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Bruce Main - Layers

Bruce Main - LayersAs a founding member of progressive band Medusa in the 70's, multi-instrumentalist Bruce Main has accumulated a wealth of experience as a musician and sound engineer.  In 1993, Bruce could resist the urge no longer and started composing his first solo album, Tracks, which was released early in 2004.  A little more than a year later sees the release of his follow up, Layers.

The album kicks off with the sounds of intro track Carnival,  followed by Celebrity Circus, which initially at least has a slightly dark and eerie undertone fitting in well with my personal imagery from childhood of fairs, Mops, carnivals (what you call them depends on your locale), further entrenched by such comedies as The League of Gentlemen and their rather dubious character, Papa Lazarou and his Pandemonium Carnival.  The 'sandwich' is completed with a slice of Carnival Too, which is effectively the outro.

Bruce displays a pretty unique vocal sound and although like most vocalists he will have more than his fair share of criticism because there is no pleasing everyone, his emotional voice fits in well with the songs and is in fact quite endearing.  First Second displays that teetering emotional quality well, being a sort of opposite of a love song (if it was a television programme it would have a title like 'When Love Goes Bad').  Great lyrics and very amusing.

Gwendolyn starting as it does with a fanfare sounds as if it about to go into an ELP version of Fanfare For The Common Man but in fact if it can be compared to anything it would likely be that of Jethro Tull circa 70-72.  Great flute from guest musician Bruce Jones.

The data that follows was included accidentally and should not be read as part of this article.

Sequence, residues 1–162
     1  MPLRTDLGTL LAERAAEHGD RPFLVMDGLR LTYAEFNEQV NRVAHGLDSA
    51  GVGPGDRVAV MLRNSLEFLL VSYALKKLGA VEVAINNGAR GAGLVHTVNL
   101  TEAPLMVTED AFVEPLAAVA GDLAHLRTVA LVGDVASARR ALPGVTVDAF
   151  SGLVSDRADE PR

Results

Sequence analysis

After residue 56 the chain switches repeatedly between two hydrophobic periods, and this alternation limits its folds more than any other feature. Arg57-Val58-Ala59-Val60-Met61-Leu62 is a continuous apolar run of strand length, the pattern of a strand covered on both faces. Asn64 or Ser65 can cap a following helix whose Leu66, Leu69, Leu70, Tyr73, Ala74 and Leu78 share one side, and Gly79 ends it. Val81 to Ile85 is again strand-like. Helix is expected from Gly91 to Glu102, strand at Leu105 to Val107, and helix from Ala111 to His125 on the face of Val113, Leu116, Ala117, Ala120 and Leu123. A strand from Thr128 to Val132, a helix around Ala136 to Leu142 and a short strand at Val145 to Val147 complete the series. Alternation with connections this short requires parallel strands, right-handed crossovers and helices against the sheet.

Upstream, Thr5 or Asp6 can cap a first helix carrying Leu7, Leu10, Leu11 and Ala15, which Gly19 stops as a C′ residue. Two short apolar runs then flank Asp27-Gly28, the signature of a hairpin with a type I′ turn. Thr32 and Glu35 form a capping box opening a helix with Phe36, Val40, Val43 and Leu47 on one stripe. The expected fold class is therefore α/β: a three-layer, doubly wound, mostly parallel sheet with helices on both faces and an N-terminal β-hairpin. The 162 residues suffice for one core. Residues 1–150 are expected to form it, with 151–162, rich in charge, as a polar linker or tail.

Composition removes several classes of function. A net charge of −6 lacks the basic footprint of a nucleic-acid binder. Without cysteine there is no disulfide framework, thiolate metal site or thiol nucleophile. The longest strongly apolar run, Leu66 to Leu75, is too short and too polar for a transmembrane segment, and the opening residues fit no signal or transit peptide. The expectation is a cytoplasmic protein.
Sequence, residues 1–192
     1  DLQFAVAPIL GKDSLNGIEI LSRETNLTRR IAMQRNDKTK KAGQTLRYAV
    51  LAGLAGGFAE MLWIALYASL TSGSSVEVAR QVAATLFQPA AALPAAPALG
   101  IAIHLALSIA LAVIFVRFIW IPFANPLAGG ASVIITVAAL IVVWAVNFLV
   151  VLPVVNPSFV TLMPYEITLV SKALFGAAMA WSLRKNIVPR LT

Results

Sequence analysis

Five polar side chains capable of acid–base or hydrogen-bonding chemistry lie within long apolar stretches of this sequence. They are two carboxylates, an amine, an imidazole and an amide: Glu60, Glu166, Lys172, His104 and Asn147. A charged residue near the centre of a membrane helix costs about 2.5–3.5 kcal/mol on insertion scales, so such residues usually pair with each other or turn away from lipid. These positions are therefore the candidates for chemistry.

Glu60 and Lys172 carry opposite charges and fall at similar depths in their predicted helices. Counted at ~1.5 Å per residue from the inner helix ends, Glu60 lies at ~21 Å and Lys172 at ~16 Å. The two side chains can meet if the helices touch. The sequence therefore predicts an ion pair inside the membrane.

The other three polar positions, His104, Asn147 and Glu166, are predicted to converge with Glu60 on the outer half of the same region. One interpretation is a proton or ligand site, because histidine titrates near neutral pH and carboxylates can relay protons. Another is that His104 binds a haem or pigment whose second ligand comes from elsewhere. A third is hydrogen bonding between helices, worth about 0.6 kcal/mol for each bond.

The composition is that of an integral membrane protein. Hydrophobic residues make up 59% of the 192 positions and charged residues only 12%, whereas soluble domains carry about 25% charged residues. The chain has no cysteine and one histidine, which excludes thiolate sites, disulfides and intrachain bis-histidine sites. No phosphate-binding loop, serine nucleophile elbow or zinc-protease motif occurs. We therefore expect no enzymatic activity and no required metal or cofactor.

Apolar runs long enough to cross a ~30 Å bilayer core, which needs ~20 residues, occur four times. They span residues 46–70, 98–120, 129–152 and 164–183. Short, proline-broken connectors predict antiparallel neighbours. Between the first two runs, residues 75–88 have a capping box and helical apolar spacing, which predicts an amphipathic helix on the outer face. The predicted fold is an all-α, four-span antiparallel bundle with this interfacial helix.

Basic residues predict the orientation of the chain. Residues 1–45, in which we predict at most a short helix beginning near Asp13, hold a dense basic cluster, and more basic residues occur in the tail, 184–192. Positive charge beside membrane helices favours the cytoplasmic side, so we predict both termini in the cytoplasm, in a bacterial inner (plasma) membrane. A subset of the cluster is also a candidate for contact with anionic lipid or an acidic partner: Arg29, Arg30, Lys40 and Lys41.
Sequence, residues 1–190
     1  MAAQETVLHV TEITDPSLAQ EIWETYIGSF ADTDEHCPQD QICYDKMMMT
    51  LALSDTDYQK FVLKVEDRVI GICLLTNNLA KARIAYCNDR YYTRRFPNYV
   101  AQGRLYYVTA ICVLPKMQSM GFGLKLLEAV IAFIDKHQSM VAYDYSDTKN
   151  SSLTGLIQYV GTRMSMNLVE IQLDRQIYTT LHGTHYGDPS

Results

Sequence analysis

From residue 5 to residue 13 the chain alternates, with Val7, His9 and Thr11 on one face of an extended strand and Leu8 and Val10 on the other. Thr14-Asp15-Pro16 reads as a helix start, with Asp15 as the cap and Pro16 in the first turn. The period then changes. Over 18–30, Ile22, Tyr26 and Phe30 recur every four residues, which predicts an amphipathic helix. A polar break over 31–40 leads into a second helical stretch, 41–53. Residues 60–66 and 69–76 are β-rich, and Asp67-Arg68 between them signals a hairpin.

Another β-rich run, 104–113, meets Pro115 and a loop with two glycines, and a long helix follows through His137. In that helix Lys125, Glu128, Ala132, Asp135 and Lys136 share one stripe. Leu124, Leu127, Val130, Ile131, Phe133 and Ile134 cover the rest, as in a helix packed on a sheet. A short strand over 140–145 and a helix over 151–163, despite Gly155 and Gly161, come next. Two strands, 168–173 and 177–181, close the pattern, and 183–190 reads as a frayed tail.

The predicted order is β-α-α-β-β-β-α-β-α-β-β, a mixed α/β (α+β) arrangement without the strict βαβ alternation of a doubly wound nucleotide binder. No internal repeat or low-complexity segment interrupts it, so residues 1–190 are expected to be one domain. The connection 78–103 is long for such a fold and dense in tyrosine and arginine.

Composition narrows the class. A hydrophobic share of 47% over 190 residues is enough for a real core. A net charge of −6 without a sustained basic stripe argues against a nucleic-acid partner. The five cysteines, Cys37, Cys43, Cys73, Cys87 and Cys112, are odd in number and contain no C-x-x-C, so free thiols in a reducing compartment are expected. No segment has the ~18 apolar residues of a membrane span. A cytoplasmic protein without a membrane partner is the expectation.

Mr Main plays everything (keys, drums, guitar plus vocals) on the album except for the aforementioned flute (Bruce Jones) and bass, which is provided by Brian Phraner (Phreeworld, Medusa) who also sings harmony on a couple of tracks.

There is no mistaking the influence of Tull again in places on Father but this time there is a Passion Play flavour.  Penultimate track, Lies, has a strong Floydian hint of Animals (is it Pigs or is it Dogs?) with punctuation of the ultra heavy (Skyclad for example) variety, mixed with Tull in My God mode.  Bruce enlists the vocal assistance of (I am making assumptions here) his children which adds to already dark edge.  This is the longest track of the eight, at just a tad under the 12-minute mark though seems a lot shorter and could easily go on for an hour.  There is a distinctive keyboard sound now and then on Lies that I would associate with ex-Caravan/Camel etc. Dave Sinclair.  Rounding of Layers is the gentle You Don't Know with Bruce accompanying himself on acoustic guitar.

Layers is one of those albums which grows on you the more you listen to it.  It has many textures but like a good horror film or indeed, comedy, it also has a mouth-watering dark side which can be both or either funny or scary (it's a personal thing) - just like life.  Recommended.

Jem Jedrzejewski

Bruce Main



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